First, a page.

On September 6th, 2008, the Anchorage Daily News is reporting that Congressman Don Young's lead over Lt. Gov. Sean Parnell in the Republican primary for Alaska's U.S. House seat has now swelled to 239 votes after the count of absentee and questioned ballots from the last three House districts, all in Anchorage. This is particularly good news because Don Young is generally stronger in rural areas. This story also reported by KTUU Channel 2.
Update September 17th: Count of all outstanding ballots complete, Don Young declared the winner by 304 votes. Sean Parnell may request a recount. Most complete story posted by the Fairbanks Daily News-Miner.
Altogether, elections workers counted about 25,000 questioned and absentee ballots on Friday September 5th. The first batch of returns posted on the Division of Elections website about 5:15 P.M. showed Young's 151-vote lead shrinking to about 129 votes. But as the count progressed, his margin expanded to 172 votes, and the last returns posted about 12:30 A.M. had Young with 48,006 votes to Parnell's 47,767, a 239-vote margin. The third Republican in the race, State Rep. Gabrielle LeDoux (R-Kodiak), had 9,856.
But still to be counted are an unknown number of absentee votes cast and mailed by voters from overseas. Those will be accepted until Wednesday September 10th. Division of Elections Director Gail Fenumiai said an estimate of the number of such ballots already received may not be available until Monday. However, the majority of the overseas ballots will come from military personnel serving outside the United States, likely a plus for Don Young.
Congressman Young attended a fundraiser in Roslyn, WA, on Friday night, according to campaign spokesman Mike Anderson. But he e-mailed the following statement of reaction around 7 P.M. Alaska time:
"Tonight's updated vote count continues to give me a narrow lead in the Republican primary. While I am pleased to hold the lead at this stage of the process, it appears as if we won't know the final result for another two weeks.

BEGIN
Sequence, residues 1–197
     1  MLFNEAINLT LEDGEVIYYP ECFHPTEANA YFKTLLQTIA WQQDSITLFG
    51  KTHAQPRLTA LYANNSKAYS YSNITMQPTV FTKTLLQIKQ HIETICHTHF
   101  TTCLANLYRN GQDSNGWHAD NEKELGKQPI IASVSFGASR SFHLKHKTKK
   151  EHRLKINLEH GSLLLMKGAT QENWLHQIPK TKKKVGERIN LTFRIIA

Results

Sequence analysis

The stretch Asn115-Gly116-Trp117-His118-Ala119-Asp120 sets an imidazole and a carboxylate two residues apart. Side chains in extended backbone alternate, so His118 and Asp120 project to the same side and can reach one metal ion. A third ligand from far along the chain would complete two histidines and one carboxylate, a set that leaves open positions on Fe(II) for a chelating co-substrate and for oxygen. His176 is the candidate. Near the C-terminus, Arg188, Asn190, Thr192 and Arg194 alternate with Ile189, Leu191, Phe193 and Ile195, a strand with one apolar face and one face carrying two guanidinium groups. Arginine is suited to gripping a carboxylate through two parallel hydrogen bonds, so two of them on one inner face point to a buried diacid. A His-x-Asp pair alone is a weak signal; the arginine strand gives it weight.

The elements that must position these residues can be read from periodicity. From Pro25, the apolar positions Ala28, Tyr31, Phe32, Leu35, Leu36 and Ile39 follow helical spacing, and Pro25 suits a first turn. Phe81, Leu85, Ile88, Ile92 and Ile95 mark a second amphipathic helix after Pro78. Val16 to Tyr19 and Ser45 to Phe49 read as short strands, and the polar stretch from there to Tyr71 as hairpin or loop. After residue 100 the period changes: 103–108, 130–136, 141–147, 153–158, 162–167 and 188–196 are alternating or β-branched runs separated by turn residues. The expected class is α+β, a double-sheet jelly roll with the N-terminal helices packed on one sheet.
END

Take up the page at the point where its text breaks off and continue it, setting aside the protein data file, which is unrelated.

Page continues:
"In the meantime, I am campaigning with the full intention of being the Republican nominee in the general election.
"While I am back in Washington, D.C. for the remainder of the 110th Congressional Session, I will be doing everything possible to move forward into the general. This includes contacting Alaskans in every region of the State, fundraising, and staying in constant contact with my campaign staff.
"There's a lot of work to be done in a very short amount of time. But I've done this many times before and know what it takes to conduct a winning general election campaign.
"The current Congressional Session is not scheduled to adjourn until late September or early October but I am confident that with the help of Alaskans I will be able to conduct a thorough and winning campaign.
"I remain confident the final results will give us a primary victory and we can move on to victory in the general election."
Parnell's campaign also e-mailed a statement Friday afternoon, before the vote updates began. "Given that the current difference in votes is so small, anything can happen and we remain cautiously optimistic about the results," Parnell's statement said.
But one more hurdle may remain. A recount is possible if the race remains close after the overseas ballots are counted next week. Under state law, the expense of the recount would be paid by the state if the difference between Young and Parnell is within 0.5 percent of the overall vote for the two. In this case, that would be around 500 votes. The current margin is well within the threshold and is likely to remain within the threshold even after all the overseas ballots are counted.
Either the losing candidate, or a combination of at least 10 qualified voters, could still request a recount if the difference is more than that, but would have to put down a $10,000 deposit on the cost, according to the law. The deposit can be refunded if the recount changes the outcome, or under certain other conditions. Close elections are a part of Alaska's political history; in one instance, an election was decided by a coin flip. Two years ago, Democrats Bryce Edgmon and Carl Moses ended the primary dead even, with 767 votes each. There was only one way to settle that race under state law, by lot. This time, it was a coin flip. And Edgmon won.
Meanwhile, Democratic challenger Ethan Berkowitz, fresh off a primary victory over Diane Benson, licks his chops and patiently awaits the winner. Even though polls show Berkowitz to be more successful against Don Young than Sean Parnell, Berkowitz has scrupulously avoided stating a public preference. But while Sean Parnell helped Don Young to victory by fumbling away his lead, Young will get no such help from Berkowitz. Don Young will have to bring his "A Game" to the court each and every time he faces Berkowitz in debate if he wants to prevail.
Even then, that may not be enough.